The Arctic and the Pandemic

Main Image Credit The Trans-Alaska Pipeline System. Courtesy of Ryan McFarland/Wikimedia Commons.

While the Arctic is often thought of as a far-off and forbidding place, several million people live there and the world depends on its resources. And it may also be impacted by the coronavirus pandemic.

The number of cases of coronavirus infections occurring in the Arctic is hard to determine. While a case tracker on the Anchorage Daily News website shows no cases in either the Northwest Arctic Borough or the North Slope Borough in Alaska, at least one worker at an Arctic oil facility on the North Slope has tested positive. But as he did not acquire the infection in the Alaska Arctic, it was recorded elsewhere.

Contrast this with Russia. According to a recent article in The New Yorker, the BBC Russian Service reported that the remote Russian Arctic village of Belokamenka had at the time the largest recorded outbreak in Russia, due mainly to a large and rotating foreign workforce employed on an oil and gas project. The number there has now been dwarfed by the number of cases in Moscow, but it illustrates the potential of cases to spread in the close quarters of oilfield facilities unless travel is restricted.

Many of the communities across the Arctic remember the devastation caused by the Spanish influenza pandemic of 1918–19, and they have moved to isolate themselves. Polar Connection provides a complete list of measures taken by the various countries with territory in the Arctic.

The real impact on the Arctic regions so far is economic, not medical. According to a colleague in Canada, the town of Cambridge Bay, Nunavut, will face serious economic impacts from the cancellation of this year's cruise tourist season. In Alaska, the largest regional airline, Ravn, went bankrupt because of the rapid decline in business. This has a negative impact on roadless Alaska Arctic communities as well as other communities outside the Arctic which depended on Ravn for travel and the delivery of supplies in Alaska.

Coronavirus is also impacting the region’s oil industry. The Alyeska Pipeline Service Company has announced a cutback of 50,000 barrels per day in oil throughput in the Alaska North Slope from late April until the end of May. This cut is in response to the slump in demand as a result of the pandemic. When this cut is scheduled to end, ConocoPhillips (the biggest producer in Alaska) will implement a cut of 100,000 barrels a day, most of which will be from North Slope fields.

Scientific research is also being impacted. A glance at the website for the Arctic Research Consortium of the United States shows that all PolarTREC expeditions for 2020 have been postponed until 2021. These expeditions provide an opportunity for educators and students to work side-by-side with researchers on various Arctic and Antarctic issues. Many of the in-person Arctic conferences planned for 2020 have been converted to webinars.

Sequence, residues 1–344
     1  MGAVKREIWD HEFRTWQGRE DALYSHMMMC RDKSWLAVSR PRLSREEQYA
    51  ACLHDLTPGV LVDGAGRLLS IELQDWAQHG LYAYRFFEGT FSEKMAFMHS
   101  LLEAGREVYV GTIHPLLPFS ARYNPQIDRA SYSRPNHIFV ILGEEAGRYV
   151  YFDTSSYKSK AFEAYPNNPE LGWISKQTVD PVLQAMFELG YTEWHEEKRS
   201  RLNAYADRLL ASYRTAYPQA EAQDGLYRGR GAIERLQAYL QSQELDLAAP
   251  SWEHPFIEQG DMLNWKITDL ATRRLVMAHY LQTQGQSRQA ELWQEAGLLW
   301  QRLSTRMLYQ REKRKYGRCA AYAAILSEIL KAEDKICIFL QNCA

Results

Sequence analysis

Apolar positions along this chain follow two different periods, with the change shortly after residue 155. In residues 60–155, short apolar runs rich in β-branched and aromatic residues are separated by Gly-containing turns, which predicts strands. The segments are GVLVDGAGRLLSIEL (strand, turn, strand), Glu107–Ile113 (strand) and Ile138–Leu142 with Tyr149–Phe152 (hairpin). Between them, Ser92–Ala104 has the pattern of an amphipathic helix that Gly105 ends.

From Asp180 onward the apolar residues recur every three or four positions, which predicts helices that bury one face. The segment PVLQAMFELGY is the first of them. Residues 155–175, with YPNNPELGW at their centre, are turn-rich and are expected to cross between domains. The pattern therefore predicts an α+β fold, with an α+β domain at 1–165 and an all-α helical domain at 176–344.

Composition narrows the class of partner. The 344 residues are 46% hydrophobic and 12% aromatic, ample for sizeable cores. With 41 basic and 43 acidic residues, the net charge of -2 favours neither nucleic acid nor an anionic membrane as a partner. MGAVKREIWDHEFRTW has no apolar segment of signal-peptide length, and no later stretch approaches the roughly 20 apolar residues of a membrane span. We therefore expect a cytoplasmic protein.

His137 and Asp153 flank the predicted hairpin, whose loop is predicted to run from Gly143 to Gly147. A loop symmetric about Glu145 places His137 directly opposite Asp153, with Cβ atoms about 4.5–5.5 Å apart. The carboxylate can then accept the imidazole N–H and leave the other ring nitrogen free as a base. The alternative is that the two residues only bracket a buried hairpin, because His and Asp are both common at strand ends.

The effect of coronavirus on Arctic field research planned for the 2020 season has been ‘severe’ according to Hajo Eicken, the director of the International Arctic Research Center at the University of Alaska, Fairbanks. He was quoted as saying that researchers potentially would be unable to visit any of the field sites during the short window of opportunity in 2020. The Arctic research expedition of the RV Polarstern has also been interrupted because the vessel will have to sail south for resupply instead of being resupplied by air from Norwegian or Russian airfields due to travel restrictions.

It is unclear at this time what the impact has been on military forces in the Arctic. There were reports in late March that the entire crew of a Russian Northern Fleet Oscar-II class submarine had been quarantined after a visit by a contractor who had been in contact with a person who had tested positive. These reports also stated that a ‘near-by submarine’ (type not reported) and a floating workshop had also been quarantined for the same reason. There have been no further reports on a major coronavirus outbreak in the Northern Fleet. Fleet readiness does not appear to have been impacted; in fact, the Russian Ministry of Defence reported on 4 May that the Northern Fleet was tracking a group of four US Navy and one Royal Navy vessels in the Barents Sea. The ministry noted that this was the first time the US Navy has operated surface vessels in the Barents since the 1980s.

Most of the major Arctic military exercises occur in summer and early autumn, so the effects may not be known for some months. It is worth noting that the Russians conducted an unprecedented high-altitude paradrop onto Alexandra Land (in the Franz Josef Archipelago) during a three-day exercise in late April. However, most of these troops were from outside of the Arctic region so this cannot be used as a yardstick to measure the impact of the pandemic on Arctic-based forces.

Of course, the big question is whether there will be lasting political, economic and military impacts for the Arctic region. We will just have to wait and see...

Keith A Stinebaugh is Senior Fellow at the Institute of the North in Anchorage, Alaska

The views expressed in this Commentary are the author's, and do not represent those of RUSI or any other institution.


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